Doug Drabek became the second Pittsburgh Pirates pitcher to win the National League Cy Young award in 1990. His best game that season came against the Philadelphia Phillies on the road on August 3rd.
The Pirates had a 61-40 record going into play on August 3rd, while the Phillies stood at 50-51. Drabek had a 13-4 record coming into the day, while his mound opponent, lefty Bruce Ruffin, was 6-10 at the time. This was a Friday night game in front of 36,057 fans.
The Pirates opened up the scoring early with walks from Gary Redus and Andy Van Slyke, followed by a two-run triple by Jeff King. Barry Bonds was up next and his grounder resulted in King getting thrown out at the plate for the second out. However, Don Slaught and Sid Bream followed Bonds with singles, the latter making it a 3-0 game.
In the second inning, Doug Drabek started things with a walk. He was then forced out on a fielder’s choice, but a single by Jay Bell, followed by a Van Slyke single, gave the Pirates a 4-0 lead. A wild pitch would allow Bell to score the fifth run.
The Pirates weren’t done with their early scoring. Don Slaught led off the third with a double, then scored one batter later on a two-run homer from Sid Bream. Later in the inning, Van Slyke doubled to bring home Jose Lind with Pittsburgh’s eighth run. The Phillies were already on their third pitcher at that point. They would end up using three more by the end of the night.
An eight-run lead in 1990 with Drabek on the mound would have been enough to win every night, but the Pirates added to the lead in the fourth on an RBI double from Lind, followed by a two-run homer from Van Slyke in the fifth. If an 8-0 lead in the third was safe, you can imagine how an 11-0 lead in the fifth must have felt.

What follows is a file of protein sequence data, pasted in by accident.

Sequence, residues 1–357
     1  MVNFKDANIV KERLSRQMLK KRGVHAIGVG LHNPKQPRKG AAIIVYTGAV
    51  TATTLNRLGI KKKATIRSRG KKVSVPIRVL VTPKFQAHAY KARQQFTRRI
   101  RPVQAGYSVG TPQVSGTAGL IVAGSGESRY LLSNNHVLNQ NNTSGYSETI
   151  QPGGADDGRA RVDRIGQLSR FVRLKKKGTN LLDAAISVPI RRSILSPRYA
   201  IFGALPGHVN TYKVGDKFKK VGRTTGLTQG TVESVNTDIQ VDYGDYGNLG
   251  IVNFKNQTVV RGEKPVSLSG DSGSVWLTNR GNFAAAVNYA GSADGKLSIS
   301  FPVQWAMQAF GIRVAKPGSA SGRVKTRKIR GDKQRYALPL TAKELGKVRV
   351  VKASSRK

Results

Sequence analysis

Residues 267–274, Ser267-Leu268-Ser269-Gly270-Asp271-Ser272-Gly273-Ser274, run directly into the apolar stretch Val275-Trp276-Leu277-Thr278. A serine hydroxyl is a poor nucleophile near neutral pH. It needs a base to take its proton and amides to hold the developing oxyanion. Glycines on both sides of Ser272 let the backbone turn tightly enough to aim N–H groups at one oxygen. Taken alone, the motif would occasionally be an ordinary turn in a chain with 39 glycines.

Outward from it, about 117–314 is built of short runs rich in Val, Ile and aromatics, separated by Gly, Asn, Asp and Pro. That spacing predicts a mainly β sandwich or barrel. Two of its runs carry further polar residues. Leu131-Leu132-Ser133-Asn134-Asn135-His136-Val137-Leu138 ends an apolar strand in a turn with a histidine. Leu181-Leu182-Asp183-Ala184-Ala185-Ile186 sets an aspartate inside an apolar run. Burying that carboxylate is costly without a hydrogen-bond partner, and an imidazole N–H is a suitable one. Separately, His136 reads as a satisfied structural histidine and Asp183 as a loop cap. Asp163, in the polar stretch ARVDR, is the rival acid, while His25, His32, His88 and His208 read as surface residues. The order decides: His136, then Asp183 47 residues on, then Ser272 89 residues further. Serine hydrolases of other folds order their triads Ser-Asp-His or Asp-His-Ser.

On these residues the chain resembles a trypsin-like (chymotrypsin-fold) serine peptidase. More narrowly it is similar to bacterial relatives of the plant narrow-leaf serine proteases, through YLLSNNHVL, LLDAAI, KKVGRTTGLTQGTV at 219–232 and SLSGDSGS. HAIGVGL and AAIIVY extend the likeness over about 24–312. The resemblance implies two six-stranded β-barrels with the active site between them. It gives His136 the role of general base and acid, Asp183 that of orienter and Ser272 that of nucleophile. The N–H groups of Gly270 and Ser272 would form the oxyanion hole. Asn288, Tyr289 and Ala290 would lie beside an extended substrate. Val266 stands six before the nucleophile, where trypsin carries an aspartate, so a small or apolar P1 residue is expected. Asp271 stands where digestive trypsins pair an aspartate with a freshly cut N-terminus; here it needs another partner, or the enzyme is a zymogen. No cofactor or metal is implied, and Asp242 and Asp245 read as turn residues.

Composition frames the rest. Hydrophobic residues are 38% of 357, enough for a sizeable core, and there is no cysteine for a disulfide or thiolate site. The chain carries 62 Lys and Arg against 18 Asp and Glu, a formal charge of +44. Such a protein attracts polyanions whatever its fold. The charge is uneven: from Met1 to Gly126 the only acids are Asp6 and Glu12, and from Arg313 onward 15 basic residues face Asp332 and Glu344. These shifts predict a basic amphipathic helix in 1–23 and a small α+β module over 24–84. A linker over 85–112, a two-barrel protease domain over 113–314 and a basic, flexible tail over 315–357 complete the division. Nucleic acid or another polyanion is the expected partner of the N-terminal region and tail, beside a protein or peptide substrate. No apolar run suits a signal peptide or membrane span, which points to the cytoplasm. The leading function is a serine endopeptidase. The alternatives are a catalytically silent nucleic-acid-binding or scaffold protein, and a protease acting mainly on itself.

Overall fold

The Pirates were done scoring for the night at that point, though they had runners in scoring position in both the sixth and eighth innings, so it could have been worse for the Phillies. The highlight for Philadelphia and their fans was that the game only took two hours and 39 minutes to play. That’s because Drabek was dealing from the start.
Drabek retired the first 14 batters of the game in order. That streak was broken by a fifth inning walk to John Kruk. He quickly settled down and retired the next 12 batters in a row. Drabek took a no-hitter to the final out. Up stepped Sil Campusano, who was on the bench to start the game, before replacing lead-off hitter Lenny Dykstra in center field on defense in the seventh inning. It was the first at-bat of the game for Campusano, who was hitting .188 at the time and hadn’t recorded a hit since July 5th. Drabek worked the count to 3-2, then threw a fastball that was lined into right field for a clean base hit. With the no-hitter gone, Drabek got a fly ball to right field to preserve the shutout.
It was a rough ending for Drabek, who said that he second guessed the choice of a fastball on the 3-2 pitch. However, he only got to that point because Jose Lind kept the no-no intact in the eighth inning with an outstanding diving play to retire John Kruk for the second out of the inning. On this same night, Tom Candiotti of the Cleveland Indians had a no-hitter broken up with two outs in the eighth inning and he ended up losing that game.
The Pirates were led by four hits from Sid Bream, while Van Slyke, Slaught and Lind each had three hits. Two players in the lineup that day failed to get hits, the Cy Young winner and the 1990 NL MVP, Barry Bonds. Drabek had two walks, while Bonds scored twice and stole his 36th base.
Here’s the boxscore and play-by-play from Baseball-Reference.
Here are links to the previous Game Rewind articles:
John started working at Pirates Prospects in 2009, but his connection to the Pittsburgh Pirates started exactly 100 years earlier when Dots Miller debuted for the 1909 World Series champions. John was born in Kearny, NJ, two blocks from the house where Dots Miller grew up. From that hometown hero connection came a love of Pirates history, as well as the sport of baseball.
When he didn't make it as a lefty pitcher with an 80+ MPH fastball and a slider that needed work, John turned to covering the game, eventually focusing in on the prospects side, where his interest was pushed by the big league team being below .500 for so long. John has covered the minors in some form since the 2002 season, and leads the draft and international coverage on Pirates Prospects. He writes daily on Pittsburgh Baseball History, when he's not covering the entire system daily throughout the entire year on Pirates Prospects.